It might be that the scanner is being blocked.

Thanks

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Thank you, Tony. I'd already sent an email to support@sucuri.net, but I just forwarded a copy to @info. It's nearly identical to My Question, except with a screenshot of your infection warning. I've edited my Question with Apache's 404 error message. And please don't take my statement about "drumming up business" personally, I just included it as a possibility, since I know almost nothing re: Sucuri. No offense intended. :) Also, the test finishes instantaneously - I assume since my index.php has no links for your test to spider. –  akTed Jan 24 '13 at 7:09
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What do you get when you go to the "infected" URL? Is it an empty page or error page or something like that? Served with a "200 OK" response?

If so I would imagine that the scanner is expecting a "404 Not Found" error status code in the response, and complains about any other status. You could write that up as a false positive, or consider returning 404 for whatever the resource is. If you're not returning real content for the URL "/404testpage4525d2fdc/" then, yes, it should probably be 404.

I don't see any interaction with your RewriteRule. The scanner is complaining about the path that already has the "/" at the end, so that's not going to get rewritten.

Is there anything inherently wrong with my RewriteRule

For taking match groups from paths you might use the [B] flag, so that any special characters included as %xx sequences decoded in matching the rule come back out re-encoded instead of mangled.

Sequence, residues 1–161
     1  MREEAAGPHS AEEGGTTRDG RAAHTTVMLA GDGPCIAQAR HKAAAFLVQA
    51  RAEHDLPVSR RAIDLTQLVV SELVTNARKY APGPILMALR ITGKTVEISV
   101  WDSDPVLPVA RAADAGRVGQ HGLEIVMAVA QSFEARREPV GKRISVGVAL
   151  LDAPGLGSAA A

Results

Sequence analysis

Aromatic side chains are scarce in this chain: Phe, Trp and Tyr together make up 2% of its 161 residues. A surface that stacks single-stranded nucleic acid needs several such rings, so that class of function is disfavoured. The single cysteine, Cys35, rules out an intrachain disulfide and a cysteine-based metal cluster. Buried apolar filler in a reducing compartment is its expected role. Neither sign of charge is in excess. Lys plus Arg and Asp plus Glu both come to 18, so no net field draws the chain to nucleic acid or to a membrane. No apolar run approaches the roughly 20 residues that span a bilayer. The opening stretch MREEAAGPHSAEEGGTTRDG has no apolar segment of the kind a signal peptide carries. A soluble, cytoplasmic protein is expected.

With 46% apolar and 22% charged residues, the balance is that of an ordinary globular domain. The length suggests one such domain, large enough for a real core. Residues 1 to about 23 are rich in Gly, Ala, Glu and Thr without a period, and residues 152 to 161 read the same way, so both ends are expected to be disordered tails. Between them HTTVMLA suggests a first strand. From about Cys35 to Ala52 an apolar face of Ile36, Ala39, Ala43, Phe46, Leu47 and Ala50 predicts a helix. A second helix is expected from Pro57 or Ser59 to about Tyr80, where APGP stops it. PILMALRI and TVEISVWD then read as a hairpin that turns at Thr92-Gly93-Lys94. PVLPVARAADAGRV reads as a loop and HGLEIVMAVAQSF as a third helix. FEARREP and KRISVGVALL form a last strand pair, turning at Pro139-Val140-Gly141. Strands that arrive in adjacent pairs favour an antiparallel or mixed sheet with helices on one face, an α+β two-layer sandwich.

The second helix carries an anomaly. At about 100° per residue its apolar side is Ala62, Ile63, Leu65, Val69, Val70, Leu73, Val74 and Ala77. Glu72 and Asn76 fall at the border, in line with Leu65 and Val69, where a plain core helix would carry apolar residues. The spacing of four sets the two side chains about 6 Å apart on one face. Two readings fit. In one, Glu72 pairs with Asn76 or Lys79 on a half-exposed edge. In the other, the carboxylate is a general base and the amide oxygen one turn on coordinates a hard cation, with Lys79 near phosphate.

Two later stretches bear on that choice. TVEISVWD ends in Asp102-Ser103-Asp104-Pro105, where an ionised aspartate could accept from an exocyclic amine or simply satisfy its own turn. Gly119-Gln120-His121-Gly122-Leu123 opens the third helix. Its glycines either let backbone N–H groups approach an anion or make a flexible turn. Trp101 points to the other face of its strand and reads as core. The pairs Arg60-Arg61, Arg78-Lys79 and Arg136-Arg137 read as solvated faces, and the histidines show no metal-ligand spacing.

And I'm not sure why you need the rewrite - the trailing slash redirect issue is usually handled automatically by mod_dir.

But I don't think it's anything to do with this problem.

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Thanks, bobince. I edited my Question with the 404 error page output by Apache. Re: the RewriteRule, see my Question posted in Webmasters.SE for the reason it's necessary. –  akTed Jan 24 '13 at 7:02
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We are reporting that site because something is redirecting your traffic to the domain when its visited. Has nothing to do with the htaccess file rule you referenced. Something is hijacking your traffic.

Cheers

Tony w/ Sucuri

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I forgot to welcome you to SE...welcome. :) Just an FYI, you can edit your Answers (or anyone else's, for that matter), so instead of creating multiple Answers, you can amend your existing one as needed. BTW, thanks for your attention to this, very much appreciated! –  akTed Jan 24 '13 at 7:16
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This is definitely a cheap trick by Sucuri to create fake insecurity threat and drum-up business. This is exactly the case and error with same http://mydomain.com/404testpage4525d2fdc security warning for a page which does not exist on my website. Also, what makes things more suspicious is the fact that unlike EVERY other such service they do not have a "False Alarm" reporting form/webpage.